Kindt, AnnemarieTranslatorsecondary authorsome editionsconfirmed
McLean, StevenNotessecondary authorsome editionsconfirmed
Parrinder, PatrickEditorsecondary authorsome editionsconfirmed
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"I do not propose to add anything to what has already been written concerning the loss of the Lady Vain."
Quotations
Das Schreien klang draußen noch lauter. Es war, als hätte aller Schmerz der Welt eine Stimme gefunden. Und doch - hätte ich gewußt, daß im Nebenzimmer solcher Schmerz zugefügt wurde, und wäre er stumm ertragen worden, ich glaube - so habe ich mir seither gedacht -, ich hätte es ganz gut aushalten können. Erst, wenn das Leiden Ausdruck findet und unsere Nerven erbeben macht, quält uns das Mitleid.
[Kapitel 8, letzter Absatz - S. 41 in der Ausgabe Das Neue Berlin 1988]
All diese Geschöpfe trugen trotz ihrer menschlichen Form und trotz der Andeutung von Kleidung in sich, in ihre Bewegungen, in den Ausdruck ihrer Gesichter, in ihr ganzes Wesen hinein verwoben, das unverkennbare Zeichen eines Tiers ...
[Kapitel 9, 15. Absatz - S. 45 in der Ausgabe Das Neue Berlin 1988]
Aber, wie gesagt, ich war zu aufgeregt und - das ist wahr, wenn auch jemand, der die Gefahr nie gekannt hat, vielleicht nicht daran glaubt - zu verzweifelt, um zu sterben.
[Kapitel 13, 1. Absatz - S. 68 in der Ausgabe Das Neue Berlin 1988]
"Bis auf diesen Tag hab' ich mich um die Ethik der Angelegenheit noch nie bekümmert. Das Studium der Natur macht den Menschen schließlich so gewissenlos, wie die Natur selbst ist."
[Zitat Dr. Moreau in Kapitel 14, 28. Absatz - S. 79 in der Ausgabe Das Neue Berlin 1988]
Vorher waren sie Tiere gewesen; ihre Instinkte waren ihrer Umgebung angepaßt, und sie selbst so glücklich, wie lebendige Wesen nur sein können. Jetzt stolperten sie in den Fesseln der Menschlichkeit dahin, lebten in einer Angst, die niemals starb, von einem Gesetz gequält, das sie nicht verstanden; ihre halbmenschliche Existenz begann in Qualen, war ein einziger langer, innerer Kampf, eine einzige lange Furcht vor Moreau - und wozu? Die Nutzlosigkeit regte mich auf.
[Kapitel 17, drittletzter Absatz - S. 102 in der Ausgabe Das Neue Berlin 1988]
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Haiku summary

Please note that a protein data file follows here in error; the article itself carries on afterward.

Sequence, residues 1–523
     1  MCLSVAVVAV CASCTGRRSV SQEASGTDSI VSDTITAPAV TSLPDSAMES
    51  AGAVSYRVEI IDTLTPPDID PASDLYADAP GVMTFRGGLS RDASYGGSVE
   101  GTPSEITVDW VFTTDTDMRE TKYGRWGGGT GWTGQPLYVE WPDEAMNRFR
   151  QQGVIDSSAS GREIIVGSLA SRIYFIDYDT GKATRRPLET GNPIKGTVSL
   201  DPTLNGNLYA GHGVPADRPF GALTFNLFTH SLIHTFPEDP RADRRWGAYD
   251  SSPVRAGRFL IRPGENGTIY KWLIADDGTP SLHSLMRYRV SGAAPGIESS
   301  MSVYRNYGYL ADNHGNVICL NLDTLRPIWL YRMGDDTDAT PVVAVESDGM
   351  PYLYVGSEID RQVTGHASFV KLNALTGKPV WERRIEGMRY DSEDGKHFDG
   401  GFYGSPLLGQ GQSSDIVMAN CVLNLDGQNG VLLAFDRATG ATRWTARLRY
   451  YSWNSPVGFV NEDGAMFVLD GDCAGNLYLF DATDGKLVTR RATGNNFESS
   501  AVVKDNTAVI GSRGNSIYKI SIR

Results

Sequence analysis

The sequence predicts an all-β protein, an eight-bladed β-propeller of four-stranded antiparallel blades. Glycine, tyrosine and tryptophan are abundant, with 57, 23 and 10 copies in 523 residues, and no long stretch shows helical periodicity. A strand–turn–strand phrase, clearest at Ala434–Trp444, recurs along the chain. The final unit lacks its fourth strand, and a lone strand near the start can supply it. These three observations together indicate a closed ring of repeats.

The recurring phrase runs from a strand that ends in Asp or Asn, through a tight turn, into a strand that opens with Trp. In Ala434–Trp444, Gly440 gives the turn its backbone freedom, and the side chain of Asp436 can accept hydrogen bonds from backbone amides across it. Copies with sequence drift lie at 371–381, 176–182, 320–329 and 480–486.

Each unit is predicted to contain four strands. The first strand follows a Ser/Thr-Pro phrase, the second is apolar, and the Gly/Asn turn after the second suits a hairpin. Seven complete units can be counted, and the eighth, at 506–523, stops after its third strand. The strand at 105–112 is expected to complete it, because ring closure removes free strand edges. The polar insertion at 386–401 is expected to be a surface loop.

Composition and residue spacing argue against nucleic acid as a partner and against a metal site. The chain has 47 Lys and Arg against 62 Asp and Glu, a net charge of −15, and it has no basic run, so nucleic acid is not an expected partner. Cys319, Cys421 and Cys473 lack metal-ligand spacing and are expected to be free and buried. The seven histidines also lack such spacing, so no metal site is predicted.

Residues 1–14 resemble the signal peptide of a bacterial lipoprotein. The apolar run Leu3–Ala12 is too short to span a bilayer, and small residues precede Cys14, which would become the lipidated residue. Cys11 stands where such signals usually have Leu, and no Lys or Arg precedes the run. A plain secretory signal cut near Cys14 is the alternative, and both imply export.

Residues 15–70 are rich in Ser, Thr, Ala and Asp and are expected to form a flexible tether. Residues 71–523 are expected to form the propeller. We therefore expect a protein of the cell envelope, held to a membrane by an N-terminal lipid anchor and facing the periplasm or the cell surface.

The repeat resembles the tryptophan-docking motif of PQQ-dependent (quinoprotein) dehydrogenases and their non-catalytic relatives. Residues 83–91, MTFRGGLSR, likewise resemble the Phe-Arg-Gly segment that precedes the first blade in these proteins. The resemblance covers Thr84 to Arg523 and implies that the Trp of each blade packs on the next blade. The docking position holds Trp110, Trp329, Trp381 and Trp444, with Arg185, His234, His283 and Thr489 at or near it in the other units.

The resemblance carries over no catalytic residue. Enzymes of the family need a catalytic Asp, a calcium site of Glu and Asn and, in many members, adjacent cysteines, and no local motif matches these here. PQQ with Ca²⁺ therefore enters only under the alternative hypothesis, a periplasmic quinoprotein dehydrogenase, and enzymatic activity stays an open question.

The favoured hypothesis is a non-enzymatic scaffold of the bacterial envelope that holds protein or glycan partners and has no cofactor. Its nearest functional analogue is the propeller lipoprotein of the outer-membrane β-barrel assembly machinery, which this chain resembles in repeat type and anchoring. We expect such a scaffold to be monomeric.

Doctor Moreau
made animals human
but this goes wrong

Amazon.com Amazon.com Review (ISBN 0553214322, Mass Market Paperback)

A shipwreck in the South Seas, a palm-tree paradise where a mad doctor conducts vile experiments, animals that become human and then "beastly" in ways they never were before--it's the stuff of high adventure. It's also a parable about Darwinian theory, a social satire in the vein of Jonathan Swift (Gulliver's Travels), and a bloody tale of horror. Or, as H. G. Wells himself wrote about this story, "The Island of Dr. Moreau is an exercise in youthful blasphemy. Now and then, though I rarely admit it, the universe projects itself towards me in a hideous grimace. It grimaced that time, and I did my best to express my vision of the aimless torture in creation." This colorful tale by the author of The Time Machine, The Invisible Man, and The War of the Worlds lit a firestorm of controversy at the time of its publication in 1896.

(retrieved from Amazon Mon, 30 Sep 2013 13:46:35 -0400)

(see all 8 descriptions)

Following a shipwreck, a young naturalist finds himself on an island run by a mad scientist intent on creating a strain of beast men

(summary from another edition)

» see all 19 descriptions

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Audible.com

Ten editions of this book were published by Audible.com.

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Penguin Australia

Three editions of this book were published by Penguin Australia.

Editions: 014144102X, 0141029153, 0141389397